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Optimal Income Support Targeting


  • Stefan De Wachter
  • Sebastian Galiani


This paper considers the practical problem of distributing a fixed budget for poverty alleviation to a population whose poverty status is not directly observable. Some information on the relationship between poverty status and a number of observable and verifiable characteristics is assumed to be available in the form of a household survey. The solution we propose differs from other academic work in that it explicitly accounts for administrative constraints on the shape of the transfer function and is computationally more straightforward. It improves on the techniques that are commonly used in practice by taking both the concavity of the social welfare function and the entire conditional distribution of poverty status into account, and by endogenously determining the optimal transfer levels. Although the superiority of our allocation rule over other techniques is tautological, we explore the magnitude of the improvement in an artificial dataset. Finally, we provide an intuitive discussion of the defects of currently operational methods.

Suggested Citation

  • Stefan De Wachter & Sebastian Galiani, 2000. "Optimal Income Support Targeting," Economics Series Working Papers 41, University of Oxford, Department of Economics.
  • Handle: RePEc:oxf:wpaper:41

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    References listed on IDEAS

    1. Chaudhuri, Shubham & Ravallion, Martin, 1994. "How well do static indicators identify the chronically poor?," Journal of Public Economics, Elsevier, vol. 53(3), pages 367-394, March.
    2. Foster, James & Greer, Joel & Thorbecke, Erik, 1984. "A Class of Decomposable Poverty Measures," Econometrica, Econometric Society, vol. 52(3), pages 761-766, May.
    3. Ravallion, Martin & Chao, Kalvin, 1989. "Targeted policies for poverty alleviation under imperfect information: Algorithms and applications," Journal of Policy Modeling, Elsevier, vol. 11(2), pages 213-224.
    4. Nichols, Albert L & Zeckhauser, Richard J, 1982. "Targeting Transfers through Restrictions on Recipients," American Economic Review, American Economic Association, vol. 72(2), pages 372-377, May.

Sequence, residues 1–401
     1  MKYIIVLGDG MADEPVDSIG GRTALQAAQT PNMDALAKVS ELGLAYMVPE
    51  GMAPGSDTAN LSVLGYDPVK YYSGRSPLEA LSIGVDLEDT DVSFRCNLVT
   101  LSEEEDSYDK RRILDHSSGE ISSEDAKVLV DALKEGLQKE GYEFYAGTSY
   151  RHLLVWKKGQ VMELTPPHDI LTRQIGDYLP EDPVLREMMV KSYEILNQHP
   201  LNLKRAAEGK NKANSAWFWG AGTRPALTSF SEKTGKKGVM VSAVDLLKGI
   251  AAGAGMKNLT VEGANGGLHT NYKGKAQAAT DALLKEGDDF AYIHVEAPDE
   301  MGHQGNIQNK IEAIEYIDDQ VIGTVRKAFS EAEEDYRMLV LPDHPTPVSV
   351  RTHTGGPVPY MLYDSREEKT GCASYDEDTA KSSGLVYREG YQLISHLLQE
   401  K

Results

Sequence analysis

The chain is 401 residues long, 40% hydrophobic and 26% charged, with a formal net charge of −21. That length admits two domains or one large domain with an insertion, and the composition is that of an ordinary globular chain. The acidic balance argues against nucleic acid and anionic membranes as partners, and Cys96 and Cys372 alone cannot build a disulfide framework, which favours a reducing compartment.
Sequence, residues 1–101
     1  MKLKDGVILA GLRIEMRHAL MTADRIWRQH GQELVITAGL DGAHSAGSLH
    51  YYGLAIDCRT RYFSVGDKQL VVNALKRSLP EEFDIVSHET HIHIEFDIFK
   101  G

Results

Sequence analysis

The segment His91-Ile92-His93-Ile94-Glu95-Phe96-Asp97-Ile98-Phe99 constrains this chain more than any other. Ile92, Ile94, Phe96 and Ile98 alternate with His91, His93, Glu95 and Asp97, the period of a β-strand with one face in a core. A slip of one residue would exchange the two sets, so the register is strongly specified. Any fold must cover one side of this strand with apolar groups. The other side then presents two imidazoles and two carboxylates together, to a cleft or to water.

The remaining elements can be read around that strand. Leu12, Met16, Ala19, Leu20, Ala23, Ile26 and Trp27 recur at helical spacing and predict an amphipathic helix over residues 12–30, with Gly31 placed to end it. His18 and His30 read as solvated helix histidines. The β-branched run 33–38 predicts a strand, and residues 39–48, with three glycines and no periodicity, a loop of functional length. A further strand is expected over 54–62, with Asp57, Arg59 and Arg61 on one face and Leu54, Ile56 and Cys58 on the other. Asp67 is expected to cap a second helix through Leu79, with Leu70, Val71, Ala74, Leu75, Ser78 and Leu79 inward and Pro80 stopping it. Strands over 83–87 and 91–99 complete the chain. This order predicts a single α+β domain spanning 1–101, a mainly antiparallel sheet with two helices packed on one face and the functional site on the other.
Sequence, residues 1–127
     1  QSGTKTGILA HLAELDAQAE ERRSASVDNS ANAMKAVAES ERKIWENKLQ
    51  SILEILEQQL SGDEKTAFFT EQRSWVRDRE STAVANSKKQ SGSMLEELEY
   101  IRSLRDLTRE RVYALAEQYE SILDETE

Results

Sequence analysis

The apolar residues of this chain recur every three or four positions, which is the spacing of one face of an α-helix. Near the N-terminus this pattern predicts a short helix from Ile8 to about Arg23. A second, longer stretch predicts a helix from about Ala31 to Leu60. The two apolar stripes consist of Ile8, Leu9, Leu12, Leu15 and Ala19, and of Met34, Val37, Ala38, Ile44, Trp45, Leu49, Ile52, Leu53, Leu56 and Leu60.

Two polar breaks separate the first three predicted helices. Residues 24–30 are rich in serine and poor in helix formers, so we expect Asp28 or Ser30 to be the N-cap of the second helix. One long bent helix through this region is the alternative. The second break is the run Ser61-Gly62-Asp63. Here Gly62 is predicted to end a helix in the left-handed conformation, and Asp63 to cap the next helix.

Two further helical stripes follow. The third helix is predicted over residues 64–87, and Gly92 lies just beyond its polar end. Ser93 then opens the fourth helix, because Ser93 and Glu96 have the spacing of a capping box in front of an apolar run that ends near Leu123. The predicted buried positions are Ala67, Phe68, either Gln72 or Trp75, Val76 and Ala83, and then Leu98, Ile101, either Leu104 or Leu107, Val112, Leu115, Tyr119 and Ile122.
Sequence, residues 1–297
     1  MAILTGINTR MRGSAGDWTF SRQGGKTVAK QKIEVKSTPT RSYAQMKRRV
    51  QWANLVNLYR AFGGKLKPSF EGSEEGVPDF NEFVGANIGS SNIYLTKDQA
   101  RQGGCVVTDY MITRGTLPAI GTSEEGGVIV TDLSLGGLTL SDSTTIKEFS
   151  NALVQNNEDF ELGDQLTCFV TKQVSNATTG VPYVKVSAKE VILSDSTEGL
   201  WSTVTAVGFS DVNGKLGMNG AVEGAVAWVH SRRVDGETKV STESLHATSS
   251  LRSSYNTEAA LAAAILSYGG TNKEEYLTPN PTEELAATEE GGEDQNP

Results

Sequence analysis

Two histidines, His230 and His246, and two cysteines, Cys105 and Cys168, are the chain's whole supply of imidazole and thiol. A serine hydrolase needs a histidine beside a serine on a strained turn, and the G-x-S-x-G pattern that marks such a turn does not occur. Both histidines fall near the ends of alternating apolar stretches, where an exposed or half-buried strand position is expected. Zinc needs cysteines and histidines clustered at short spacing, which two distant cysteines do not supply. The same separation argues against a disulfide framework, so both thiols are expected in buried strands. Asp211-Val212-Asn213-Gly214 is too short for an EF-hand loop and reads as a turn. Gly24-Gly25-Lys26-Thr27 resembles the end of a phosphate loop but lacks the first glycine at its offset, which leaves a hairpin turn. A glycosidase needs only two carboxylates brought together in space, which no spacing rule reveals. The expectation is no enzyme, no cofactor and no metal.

5. Kanbur, R. & Keen, M., 1988. "Poverty, Incentives And Linear Income Taxation," The Warwick Economics Research Paper Series (TWERPS) 298, University of Warwick, Department of Economics.
    6. Datt, Gaurav*Ravallion, Martin, 1990. "Regional disparities, targeting, and poverty in India," Policy Research Working Paper Series 375, The World Bank.
    7. Elbers, Chris & Lanjouw, Jean O. & Lanjouw, Peter, 2002. "Micro-level estimation of welfare," Policy Research Working Paper Series 2911, The World Bank.
    8. Hettich, Walter & Winer, Stanley L, 1988. "Economic and Political Foundations of Tax Structure," American Economic Review, American Economic Association, vol. 78(4), pages 701-712, September.
    9. Besley, Timothy J & Kanbur, S M Ravi, 1988. "Food Subsidies and Poverty Alleviation," Economic Journal, Royal Economic Society, vol. 98(392), pages 701-719, September.
    10. Andrew Chesher & Christian Schluter, 2002. "Welfare Measurement and Measurement Error," Review of Economic Studies, Oxford University Press, vol. 69(2), pages 357-378.
    11. Ravallion, Martin & Sen, Binayak, 1994. "Impacts on rural poverty of land-based targeting: Further results for Bangladesh," World Development, Elsevier, vol. 22(6), pages 823-838, June.
    12. Glewwe, Paul, 1992. "Targeting assistance to the poor : Efficient allocation of transfers when household income is not observed," Journal of Development Economics, Elsevier, vol. 38(2), pages 297-321, April.
    13. Kanbur, Ravi & Keen, Michael & Tuomala, Matti, 1994. "Labor Supply and Targeting in Poverty Alleviation Programs," World Bank Economic Review, World Bank Group, vol. 8(2), pages 191-211, May.
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    Cited by:

    1. Galiani, Sebastian & McEwan, Patrick J., 2013. "The heterogeneous impact of conditional cash transfers," Journal of Public Economics, Elsevier, vol. 103(C), pages 85-96.
    2. repec:eee:joecag:v:9:y:2017:i:c:p:111-121 is not listed on IDEAS
    3. World Bank, 2001. "Household Risk, Self-Insurance and Coping Strategies in Urban Argentina," World Bank Other Operational Studies 15467, The World Bank.

    More about this item


    targeting; discriminant analysis; poverty;

    JEL classification:

    • H2 - Public Economics - - Taxation, Subsidies, and Revenue
    • C4 - Mathematical and Quantitative Methods - - Econometric and Statistical Methods: Special Topics


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